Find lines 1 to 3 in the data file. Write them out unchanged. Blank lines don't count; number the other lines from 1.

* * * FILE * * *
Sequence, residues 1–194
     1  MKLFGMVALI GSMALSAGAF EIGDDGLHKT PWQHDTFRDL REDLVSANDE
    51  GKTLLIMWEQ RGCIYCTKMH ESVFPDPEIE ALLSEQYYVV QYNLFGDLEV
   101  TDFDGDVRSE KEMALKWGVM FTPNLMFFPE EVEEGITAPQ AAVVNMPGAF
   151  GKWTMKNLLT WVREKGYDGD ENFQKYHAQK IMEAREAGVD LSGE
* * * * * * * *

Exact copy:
Sequence, residues 1–194
     1  MKLFGMVALI GSMALSAGAF EIGDDGLHKT PWQHDTFRDL REDLVSANDE
    51  GKTLLIMWEQ RGCIYCTKMH ESVFPDPEIE ALLSEQYYVV QYNLFGDLEV